In case you haven’t heard, over the weekend a whole bunch of celebrities got hacked and nude photos of them leaked onto the internet. Let me just start out by saying that hacking into a celebrity’s phone and stealing her nude photos is just a horrible thing. It’s not a funny joke. It’s not something hackers should be high fiving over. Celebrities have the right to live private lives like everyone else and they have the right to take and keep private photos. On top of the embarrassment of having their private photos available to their parents and all of their fans and every pervert with an internet connection, it could seriously damage their careers. This should be another big warning slap in the face to everyone who stores private or confidential things on the internet, especially lawyers.
What lessons can lawyers learn from this unfortunate episode?
Our law firm does not have a Twitter account. But our consulting and patent monetization firm, Markman Advisors, does (@MarkmanAdvisors) — an active one, where we post about patent litigation-related events that are of interest to our followers. Twitter has become our number-one way of interacting with the investment community that is the target for our consulting and patent monetization services.
Yet our law firm still does not have a Twitter account — and I am not convinced it should. As a practicing litigator, I am reluctant to give out my opinions on legal issues through such a broad-reaching medium. Lawyers on Twitter either need to have a lot of guts, or follow the typical boring Biglaw marketing model. I am not interested too much in either approach.
Our engagement with Twitter is relatively recent, dating to the launch of our law firm and consulting practice. Prior to Twitter, our focus was on demonstrating our patent litigation bona fides via investor-focused articles on websites like Seeking Alpha and Harvest. The goal of that work was to demonstrate that Markman Advisors offered investors, inventors, and companies interested in patent situations a unique analytical approach, informed by our collective experience litigating big-ticket patent cases while at Biglaw firms. We were fortunate to build a following on those platforms, which led to meetings with the type of clients we were interested in representing. In the course of those discussions, we found out that for the investment community — traders, hedge funds, whomever — Twitter is a necessary and powerful communications tool.
Being lawyers, our first reaction was skepticism….
Ed note: This is the latest installment in a series of posts from the ATL Career Center’s team of expert contributors. Today, Alison Monahan provides some advice for optimizing your law school grades.
It’s a fresh semester, a new year, and you’ve resolved to get better law school grades. Great! How are you going to do that? If you’re like most people, you resolve to “work harder.”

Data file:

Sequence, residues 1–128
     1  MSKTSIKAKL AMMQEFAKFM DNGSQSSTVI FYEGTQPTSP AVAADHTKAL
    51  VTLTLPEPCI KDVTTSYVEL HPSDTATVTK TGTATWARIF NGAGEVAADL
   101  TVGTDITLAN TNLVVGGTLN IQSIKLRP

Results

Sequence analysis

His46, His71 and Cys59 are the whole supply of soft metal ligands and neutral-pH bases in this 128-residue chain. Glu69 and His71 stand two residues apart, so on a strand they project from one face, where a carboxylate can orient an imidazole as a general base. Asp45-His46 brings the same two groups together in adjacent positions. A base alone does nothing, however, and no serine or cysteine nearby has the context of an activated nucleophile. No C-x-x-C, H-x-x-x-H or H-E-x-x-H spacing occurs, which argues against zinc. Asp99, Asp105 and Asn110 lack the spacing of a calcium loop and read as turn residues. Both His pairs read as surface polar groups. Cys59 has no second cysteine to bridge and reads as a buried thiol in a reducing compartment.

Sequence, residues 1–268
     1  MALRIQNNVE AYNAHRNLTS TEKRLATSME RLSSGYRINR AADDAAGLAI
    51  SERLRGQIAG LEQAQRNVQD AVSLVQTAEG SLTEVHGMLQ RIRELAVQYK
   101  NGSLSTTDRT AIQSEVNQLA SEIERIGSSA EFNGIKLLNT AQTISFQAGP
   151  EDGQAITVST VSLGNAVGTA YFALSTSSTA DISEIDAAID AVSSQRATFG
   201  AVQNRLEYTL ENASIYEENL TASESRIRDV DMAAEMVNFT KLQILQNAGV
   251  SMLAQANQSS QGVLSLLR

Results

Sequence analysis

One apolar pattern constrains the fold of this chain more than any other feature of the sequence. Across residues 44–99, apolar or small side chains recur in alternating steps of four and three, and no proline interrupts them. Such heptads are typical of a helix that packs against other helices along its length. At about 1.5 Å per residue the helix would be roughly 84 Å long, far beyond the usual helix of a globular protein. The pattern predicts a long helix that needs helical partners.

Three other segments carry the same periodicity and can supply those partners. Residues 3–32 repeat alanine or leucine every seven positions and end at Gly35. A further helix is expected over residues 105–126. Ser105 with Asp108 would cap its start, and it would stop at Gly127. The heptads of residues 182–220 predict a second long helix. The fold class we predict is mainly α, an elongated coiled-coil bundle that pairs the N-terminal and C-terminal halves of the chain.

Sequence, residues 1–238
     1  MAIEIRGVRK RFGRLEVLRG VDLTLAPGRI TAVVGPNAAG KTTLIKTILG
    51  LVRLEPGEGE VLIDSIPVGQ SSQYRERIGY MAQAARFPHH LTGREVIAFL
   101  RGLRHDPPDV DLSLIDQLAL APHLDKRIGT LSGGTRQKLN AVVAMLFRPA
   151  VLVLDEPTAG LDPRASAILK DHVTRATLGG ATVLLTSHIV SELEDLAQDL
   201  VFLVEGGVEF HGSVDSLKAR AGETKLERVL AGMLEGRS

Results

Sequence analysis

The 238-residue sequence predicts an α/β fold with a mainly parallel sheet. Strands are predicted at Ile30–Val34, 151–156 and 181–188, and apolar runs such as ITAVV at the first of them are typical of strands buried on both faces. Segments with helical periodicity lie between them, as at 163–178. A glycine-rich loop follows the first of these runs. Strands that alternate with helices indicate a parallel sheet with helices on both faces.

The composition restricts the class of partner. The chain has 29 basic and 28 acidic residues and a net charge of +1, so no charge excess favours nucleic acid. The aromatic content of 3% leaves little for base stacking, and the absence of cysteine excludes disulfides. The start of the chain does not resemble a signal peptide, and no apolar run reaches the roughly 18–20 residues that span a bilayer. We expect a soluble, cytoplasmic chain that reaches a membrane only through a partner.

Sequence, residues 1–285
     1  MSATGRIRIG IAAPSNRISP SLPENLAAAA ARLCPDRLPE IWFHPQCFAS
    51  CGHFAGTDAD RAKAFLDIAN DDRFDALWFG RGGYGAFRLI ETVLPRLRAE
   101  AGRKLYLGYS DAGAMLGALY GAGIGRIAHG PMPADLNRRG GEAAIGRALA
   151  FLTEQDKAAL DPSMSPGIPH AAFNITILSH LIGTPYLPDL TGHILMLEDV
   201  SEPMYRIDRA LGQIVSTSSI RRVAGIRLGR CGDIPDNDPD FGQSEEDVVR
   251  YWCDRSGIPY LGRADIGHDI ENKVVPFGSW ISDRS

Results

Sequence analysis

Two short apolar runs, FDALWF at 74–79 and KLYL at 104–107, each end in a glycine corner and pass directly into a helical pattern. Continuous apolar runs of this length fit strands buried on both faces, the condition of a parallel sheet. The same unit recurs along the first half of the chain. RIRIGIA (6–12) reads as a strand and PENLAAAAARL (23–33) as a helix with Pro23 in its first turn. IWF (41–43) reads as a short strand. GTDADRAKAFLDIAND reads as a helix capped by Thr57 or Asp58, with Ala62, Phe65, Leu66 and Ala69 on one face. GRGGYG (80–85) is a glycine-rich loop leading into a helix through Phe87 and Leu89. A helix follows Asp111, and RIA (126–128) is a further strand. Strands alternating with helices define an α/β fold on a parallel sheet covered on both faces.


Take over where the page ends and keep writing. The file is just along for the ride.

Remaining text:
For a few days, or maybe even a couple of weeks, you spend extra time in the library, making sure you’re well-prepared for class and don’t fall behind on the reading. Inevitably, however, things get in the way and you start slipping. Maybe your favorite TV show is on, or a big ball game, and your study time gradually drifts back to about what it was before.
There’s nothing really wrong with this approach, except for the fact that it’s unlikely to improve your outcome. What will improve your results is a new approach — iteration.
It’s always interesting to have conversations with clients who have gone through multiple lawyers. Not the sort of clients who have gone lawyer shopping in the past, bouncing around looking for the lowest price, but rather the client who has had a relationship with a lawyer in the past and has decided to break away from that lawyer due to poor performance or bad customer service. Listening to clients who have severed relationships with other lawyers offers a glimpse into what is going on in the mind of clients and what they expect from the legal services they obtain.
One of the most egregious things I’ve heard lately from a client has to do with a couple of bottles of water….
Ed. note: The Asia Chronicles column is authored by Kinney Recruiting. Kinney has made more placements of U.S. associates, counsels and partners in Asia than any other recruiting firm in each of the past seven years. You can reach them by email: firstname.lastname@example.org.
Things have changed recently in Korea – a few of our US and UK client firms are looking, very selectively, for a lateral US associate hire. Until just recently, there was not much hiring like this going on in Korea, since US and UK firms started opening offices there. We have already placed two US associates in Korea in the past month at top firms. Most of the hiring partners we work with in Korea do not actively work with other recruiters.
If you are a Korean fluent US associate in London, New York or another major US market, 2nd to 6th year, at a top 20 firm, with cap markets or M&A focus (or mix), or project finance background, and you are interested in lateraling to Korea to a top US or UK firm, please feel free to reach out to us at email@example.com or firstname.lastname@example.org. Our head of Asia, Evan Jowers, was just in Korea recently, and Evan and Robert Kinney will be in Korea in a few weeks. We are in the process of helping several firms open new offices in Korea (a number of which are interviewing our partner level candidates) and also helping existing offices there fill openings.
Professor Joel P. Trachtman has developed a unique, practical guide to help lawyers analyze, argue, and write effectively.
The Tools of Argument: How the Best Lawyers Think, Argue, and Win is a highly readable 200-page book, available for about $10 in paperback or e-book. Chapters focus on foundational principles in legal argument: procedure, interpretation of contracts and statutes, use of evidence, and more. The material covered is taught only implicitly in law school. Yet, when up-and-coming attorneys master these straightforward tools, they will think and argue like the best lawyers.
For most attorneys, time spent managing the books is a necessary evil at best. Yet it is undeniably a crucial aspect of running a successful practice. With that in mind, we invite you to view or download a free webinar by Above the Law and our friends at Clio to learn how to better manage your finances.
Take this opportunity to learn what it takes to streamline your accounting and get the most out of your time. The webinar agenda:
● The basics of accounting for lawyers.
● How legal accounting differs from regular accounting.
● Report and reconciliation issues surrounding trust accounts.
● How to pick and integrate the best accounting tools for your practice.
● Steps to prepare your tax return for your firm’s income.
Do not miss this crucial chance to optimize your accounting practices. Save time and get back to billing!